On September 17, Bristol Myers Squibb (Celgene) announced the settlement of U.S. patent litigation for revlimid (lenalidomide) with Dr. Reddy’s (Dr. Reddy’s Laboratories Ltd.).
Originally, Celgene sued Dr. Reddy’s in connection with its Revlimid in October 2016, but this lawsuit did not assert the MDS patents. The MDS patents were subsequently asserted on July 20, 2017, that’s why, to avoid being time-barred, Dr. Reddy’s filed the IPRs within one year of service, on August 3, 2018.
Bristol has agreed to provide Dr. Reddy right to use Celgen license, which is needed to manufacture and sell certain volume-limited amounts of generic lenalidomide in the U.S. beginning sometime after the March 2022 volume-limited license date that Celgene previously provided to Natco.
Besides, until January 31, 2026 Dr. Reddy’s would have unlimited quantity of generic lenalidomide in the U.S. to manufacture and sell, according to Celene agreement.
An antineoplastic agent, an immunomodulatory, has both immunomodulatory and anti-angiogenic properties. Lenalidomide, marketed also under the trade name Revlimid, is a drug used to treat multiple myeloma (MM) and myelodysplastic syndromes (MDS). For MM, it is used after at least one more course of treatment and usually in conjunction with dexamethasone. It is taken internally.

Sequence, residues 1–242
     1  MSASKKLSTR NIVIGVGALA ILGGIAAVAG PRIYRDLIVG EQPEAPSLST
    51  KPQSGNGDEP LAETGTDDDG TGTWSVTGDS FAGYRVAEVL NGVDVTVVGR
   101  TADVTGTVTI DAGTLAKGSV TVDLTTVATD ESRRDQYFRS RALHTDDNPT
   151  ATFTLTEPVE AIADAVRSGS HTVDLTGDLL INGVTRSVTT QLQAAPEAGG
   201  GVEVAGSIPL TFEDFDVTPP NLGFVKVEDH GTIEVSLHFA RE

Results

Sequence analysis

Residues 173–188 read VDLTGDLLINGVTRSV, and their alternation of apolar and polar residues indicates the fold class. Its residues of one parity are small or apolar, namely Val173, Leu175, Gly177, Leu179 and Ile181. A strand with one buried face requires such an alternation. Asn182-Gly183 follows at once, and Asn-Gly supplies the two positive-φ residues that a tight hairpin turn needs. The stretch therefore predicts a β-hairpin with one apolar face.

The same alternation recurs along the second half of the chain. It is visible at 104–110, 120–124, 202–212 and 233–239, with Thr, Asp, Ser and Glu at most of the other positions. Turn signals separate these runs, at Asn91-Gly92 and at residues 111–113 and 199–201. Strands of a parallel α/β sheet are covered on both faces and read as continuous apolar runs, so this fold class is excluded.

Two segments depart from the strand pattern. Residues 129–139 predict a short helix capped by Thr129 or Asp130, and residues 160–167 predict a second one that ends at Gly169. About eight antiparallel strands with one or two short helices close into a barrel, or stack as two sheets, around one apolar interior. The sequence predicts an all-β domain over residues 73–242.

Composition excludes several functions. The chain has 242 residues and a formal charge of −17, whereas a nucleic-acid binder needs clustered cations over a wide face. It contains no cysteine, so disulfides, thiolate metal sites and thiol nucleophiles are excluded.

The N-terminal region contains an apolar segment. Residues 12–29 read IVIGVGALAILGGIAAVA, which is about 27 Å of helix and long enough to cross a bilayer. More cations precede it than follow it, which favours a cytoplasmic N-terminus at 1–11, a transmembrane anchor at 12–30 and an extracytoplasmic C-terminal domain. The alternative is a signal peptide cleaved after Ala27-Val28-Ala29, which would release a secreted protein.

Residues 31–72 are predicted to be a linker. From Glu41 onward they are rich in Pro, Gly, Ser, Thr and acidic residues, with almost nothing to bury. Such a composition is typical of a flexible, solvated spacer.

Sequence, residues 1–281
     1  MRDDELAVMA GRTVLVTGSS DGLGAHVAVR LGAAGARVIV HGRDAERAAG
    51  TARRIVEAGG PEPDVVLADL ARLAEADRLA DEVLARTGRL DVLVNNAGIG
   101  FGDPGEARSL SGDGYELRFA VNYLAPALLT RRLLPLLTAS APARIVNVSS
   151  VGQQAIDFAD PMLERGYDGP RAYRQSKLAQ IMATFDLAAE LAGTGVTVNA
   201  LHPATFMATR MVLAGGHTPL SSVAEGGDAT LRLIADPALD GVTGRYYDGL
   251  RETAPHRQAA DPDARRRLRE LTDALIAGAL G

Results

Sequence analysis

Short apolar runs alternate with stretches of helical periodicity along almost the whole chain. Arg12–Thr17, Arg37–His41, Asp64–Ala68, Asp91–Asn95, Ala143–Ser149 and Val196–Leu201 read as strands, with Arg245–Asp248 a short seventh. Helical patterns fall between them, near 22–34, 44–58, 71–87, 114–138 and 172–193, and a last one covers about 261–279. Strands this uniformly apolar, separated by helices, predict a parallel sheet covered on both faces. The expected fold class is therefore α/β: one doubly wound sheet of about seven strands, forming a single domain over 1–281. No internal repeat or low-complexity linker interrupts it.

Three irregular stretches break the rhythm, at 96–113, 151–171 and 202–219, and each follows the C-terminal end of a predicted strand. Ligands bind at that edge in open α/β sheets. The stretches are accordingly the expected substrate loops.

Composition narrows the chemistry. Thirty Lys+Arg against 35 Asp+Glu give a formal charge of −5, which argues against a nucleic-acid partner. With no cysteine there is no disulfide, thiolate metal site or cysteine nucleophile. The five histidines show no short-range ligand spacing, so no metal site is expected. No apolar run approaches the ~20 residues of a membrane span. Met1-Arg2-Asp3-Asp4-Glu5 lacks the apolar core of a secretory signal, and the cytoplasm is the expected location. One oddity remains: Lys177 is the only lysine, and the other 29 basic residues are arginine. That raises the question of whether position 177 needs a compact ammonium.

Common side effects include diarrhea, itching, joint pain, fever, headache, and trouble sleeping. Serious side effects can include low platelet counts, low white blood cell counts, and blood clots. Use during pregnancy may harm the baby. People with kidney problems may need a dose adjustment. In chemical structure, it is similar to thalidomide, but has a different mechanism of action.
Lenalidomide was approved for medical use in the United States in 2005. It is listed on the World Health Organization’s Essential Medicines List.
“We are pleased with the settlement agreement, and look forward to bringing a generic version of lenalidomide to market soon subject to regulatory approval for the benefit of patients,” says Marc Kikuchi, CEO, North America Generics, Dr. Reddy’s Laboratories.
Share Price Jumped Over 9%
After those news share price of Dr Reddy’s Laboratories rallied over 9 percent. “The share price gained as much as 9.86 percent to hit a 52-week high of Rs 5,302.85 apiece on the BSE. At 12:50 pm, the shares were trading 8.77 percent higher at Rs 5,250.00 apiece as against a 0.13 percent gain in the benchmark Sensex,”- analytics said.
ICICI Securities Limited (I-Sec) (subsidiary of ICICI Bank Ltd.) said that according their calculations this development provides certainty to launch and a material earnings accretion over FY23-FY26. It estimates Dr Reddy’s to generate cumulative sales and PAT of $2.5 billion and $1.6 billion respectively over this shared exclusivity period.
“We value this opportunity at Rs 514/share for Dr Reddy’s Labs considering annual market size of $8 billion and gradual market share increase to 18 percent in FY26,” ICICI Securities said.
Global brokerage Credit Suisse said that the Revlimid generic cash flows should be significant for the company (over $700 million). The brokerage maintained an ‘Outperform’ rating and raised the target price to Rs 5,750 from Rs 5,100 per share earlier.